views from the gods

saints and sinners of the stage and screen

The Bald Prima Donna and The Lesson
The Space
14th August 2013


Publicity image for A Dark Night Rises

Photography supplied by The Space

Directly following on from their run of Jack or Obedience and The Future is in Eggs, New Dogs Old Tricks are staging another back-to-back helping of Eugene Ionesco, this time The Bald Prima Donna and The Lesson, two of his early absurdist plays. They both involve his hallmark non sequiturs and are circular in narrative, making them worthy pieces, but definitely intellectually challenging ones. If you like your theatre openly accessible, Ionesco is not the playwright for you. But if you're a fan of Theatre of the Absurd, this promises to be an interesting evening.

It takes a little while to collect your thoughts; after all, the narrative in The Bald Prima Donna isn't meant to make much sense. It's a play which ridicules how people talk and talk without ever really saying anything to each other. At the start of the play, Mrs Smith (Stephanie Lodge) sounds like she's swallowed the EFL equivalent of Encore Tricolore, as she recites perfectly standard but disconnected sentences at her husband (Alex Maude), rather than having a real conversation with him.

When dinner party guests Mr and Mrs Martin (Alex Harvey and Jodyanne Richardson) come to the conclusion that they must be married to each other, it's a damning statement of relationships, exacerbated by the maid, Mary (Claire-Monique Martin) explaining that they definitely aren't who they assume the other one is. In the same casual way as you might mix up a bog standard umbrella with another one, the Martins forget what their spouses look like and take home one who looks about right. And the introduction of the Fire Chief (Gabriel Keogh) brings both levity and discomfort.

A bit of "quelle heure est-il" peppers the script, and projected onto the wall is a stylish but bizarre clock which doesn't seem to have the right numbers on it, and which doesn't tie up to the times discussed by the characters. The loud, ominous from set and sound designer Alex Colias is unsettling.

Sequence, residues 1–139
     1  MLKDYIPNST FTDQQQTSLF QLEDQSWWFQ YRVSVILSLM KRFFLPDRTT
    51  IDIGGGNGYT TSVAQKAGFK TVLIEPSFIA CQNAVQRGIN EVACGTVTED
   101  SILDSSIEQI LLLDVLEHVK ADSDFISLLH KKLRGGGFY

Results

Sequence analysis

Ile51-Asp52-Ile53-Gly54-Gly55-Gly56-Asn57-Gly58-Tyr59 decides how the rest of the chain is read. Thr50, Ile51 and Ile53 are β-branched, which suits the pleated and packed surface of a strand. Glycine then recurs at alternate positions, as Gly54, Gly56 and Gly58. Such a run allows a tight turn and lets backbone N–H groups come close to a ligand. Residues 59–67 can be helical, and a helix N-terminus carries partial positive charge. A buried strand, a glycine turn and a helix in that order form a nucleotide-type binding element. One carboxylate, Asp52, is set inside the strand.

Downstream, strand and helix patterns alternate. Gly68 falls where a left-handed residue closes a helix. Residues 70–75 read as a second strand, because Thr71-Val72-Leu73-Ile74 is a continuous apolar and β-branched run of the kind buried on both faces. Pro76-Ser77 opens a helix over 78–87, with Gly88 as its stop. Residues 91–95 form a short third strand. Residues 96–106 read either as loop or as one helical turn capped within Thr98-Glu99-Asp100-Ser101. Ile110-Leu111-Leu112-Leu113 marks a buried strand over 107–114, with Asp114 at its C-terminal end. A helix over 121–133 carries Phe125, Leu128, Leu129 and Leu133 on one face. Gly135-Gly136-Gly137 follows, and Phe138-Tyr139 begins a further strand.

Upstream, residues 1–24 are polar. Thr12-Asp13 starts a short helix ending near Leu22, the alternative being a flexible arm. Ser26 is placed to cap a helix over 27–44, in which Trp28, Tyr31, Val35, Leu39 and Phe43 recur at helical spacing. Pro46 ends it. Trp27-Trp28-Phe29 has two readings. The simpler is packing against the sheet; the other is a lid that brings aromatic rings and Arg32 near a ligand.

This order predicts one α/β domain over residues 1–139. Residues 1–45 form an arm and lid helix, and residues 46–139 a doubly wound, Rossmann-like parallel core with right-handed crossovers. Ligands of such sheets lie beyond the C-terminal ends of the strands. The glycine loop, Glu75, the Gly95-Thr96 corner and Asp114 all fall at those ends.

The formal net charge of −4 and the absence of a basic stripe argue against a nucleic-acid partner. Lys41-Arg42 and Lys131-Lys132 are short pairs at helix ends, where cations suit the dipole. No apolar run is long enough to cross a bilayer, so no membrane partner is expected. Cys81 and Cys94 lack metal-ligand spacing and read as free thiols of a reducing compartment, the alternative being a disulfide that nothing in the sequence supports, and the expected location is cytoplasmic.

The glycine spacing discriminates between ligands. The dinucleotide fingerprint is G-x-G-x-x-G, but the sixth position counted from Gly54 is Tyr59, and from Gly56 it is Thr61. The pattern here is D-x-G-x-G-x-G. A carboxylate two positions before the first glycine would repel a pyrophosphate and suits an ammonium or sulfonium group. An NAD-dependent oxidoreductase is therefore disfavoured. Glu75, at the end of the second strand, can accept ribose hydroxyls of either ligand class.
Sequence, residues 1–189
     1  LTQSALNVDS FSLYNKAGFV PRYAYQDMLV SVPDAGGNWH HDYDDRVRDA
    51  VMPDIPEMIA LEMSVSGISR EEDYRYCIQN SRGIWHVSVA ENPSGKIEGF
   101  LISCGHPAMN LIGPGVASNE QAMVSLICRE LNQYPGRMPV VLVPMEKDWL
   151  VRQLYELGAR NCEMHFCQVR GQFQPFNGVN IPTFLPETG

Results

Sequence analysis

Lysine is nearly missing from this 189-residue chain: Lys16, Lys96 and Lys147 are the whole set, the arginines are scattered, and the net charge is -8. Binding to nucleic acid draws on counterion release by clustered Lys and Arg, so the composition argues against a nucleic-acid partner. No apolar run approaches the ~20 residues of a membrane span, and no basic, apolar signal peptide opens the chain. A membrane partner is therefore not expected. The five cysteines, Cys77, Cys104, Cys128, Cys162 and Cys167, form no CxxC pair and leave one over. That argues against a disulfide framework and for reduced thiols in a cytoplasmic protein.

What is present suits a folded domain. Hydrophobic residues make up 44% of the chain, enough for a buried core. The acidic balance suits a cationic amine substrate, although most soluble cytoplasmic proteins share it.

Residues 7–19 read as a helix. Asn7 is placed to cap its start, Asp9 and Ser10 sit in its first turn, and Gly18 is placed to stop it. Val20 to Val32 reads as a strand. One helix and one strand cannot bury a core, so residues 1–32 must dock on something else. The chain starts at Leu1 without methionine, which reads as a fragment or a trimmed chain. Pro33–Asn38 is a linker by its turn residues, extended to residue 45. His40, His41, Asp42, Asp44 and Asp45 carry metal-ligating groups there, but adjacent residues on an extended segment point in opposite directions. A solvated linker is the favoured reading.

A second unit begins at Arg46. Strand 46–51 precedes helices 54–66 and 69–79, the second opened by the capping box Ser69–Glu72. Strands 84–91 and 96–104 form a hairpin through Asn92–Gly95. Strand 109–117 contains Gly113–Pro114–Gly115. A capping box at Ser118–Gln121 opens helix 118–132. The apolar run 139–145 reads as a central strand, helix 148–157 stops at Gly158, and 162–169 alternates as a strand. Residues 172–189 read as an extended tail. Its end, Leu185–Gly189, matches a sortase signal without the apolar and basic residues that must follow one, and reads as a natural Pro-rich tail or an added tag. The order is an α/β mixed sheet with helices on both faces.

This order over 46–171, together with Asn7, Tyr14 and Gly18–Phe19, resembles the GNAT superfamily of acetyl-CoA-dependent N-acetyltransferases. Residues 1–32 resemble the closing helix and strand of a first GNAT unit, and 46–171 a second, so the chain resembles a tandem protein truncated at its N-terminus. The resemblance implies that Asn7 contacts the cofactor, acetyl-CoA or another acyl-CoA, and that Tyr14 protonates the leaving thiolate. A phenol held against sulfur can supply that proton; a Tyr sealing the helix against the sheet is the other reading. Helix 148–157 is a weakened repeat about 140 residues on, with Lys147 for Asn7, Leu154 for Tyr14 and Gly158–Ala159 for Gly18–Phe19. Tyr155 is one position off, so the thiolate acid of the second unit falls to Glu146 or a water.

In The Lesson, a similarly odd encounter unfolds, but one which is even more dark and insane, if possible. The same maid (Martin) answers the door to an enthusiastic young pupil (Stephanie Harte), ready for her lesson with the well-known Professor (Omri Kadim). The set is slightly different, the large table replaced for a more intimately sized round one, but otherwise, it's just a perfectly average looking room. A neat touch is seen in the use of designer Alex Colias' blackboard, there's a wonderful penny-in-the-air realisation.

Both plays are repetitive and at times frustrating, such is the nature of Absurdist works. The final third of The Lesson is uncomfortable, as the pupil tries unsuccessfully to excuse herself, complaining of a worsening toothache. But there is a great payoff, with a lot of humour created by Martin and Kadmin.

Director Katie Frodsham gives a political bent to both plays, with posters to both sides of the stage, and messages broadcast onto the back wall. A bold red and black cog logo is prevalent in the design, with the characters wearing badges and armbands of this motif, and indeed there is a bowl of badges on the table during the first play. It's a unique design, but the strong red and black colours evoke memories of Fascism, and the broadcasts of political censorship. This nameless party is blocking the communication between the characters even further. It's a bold decision which wasn't written in by Ionesco, but which does fit with his work.

Although Ionesco's plays are predominantly short, one-act affairs, staging two back-to-back - and then yet another two - is a daring move. It takes time to let Ionesco's ideas sink in and make sense, but New Dogs Old Tricks take us through his work quickly in an enjoyable, if somewhat baffling experience. Rarely would I recommend a production that is so confusing, but here it makes a point and as your mind processes and re-processes what it has seen, you feel enriched for it.

The Bald Prima Donna and The Lesson opened on 14th August and runs until 17th August 2013.

Nearest tube station: Mudchute (DLR)

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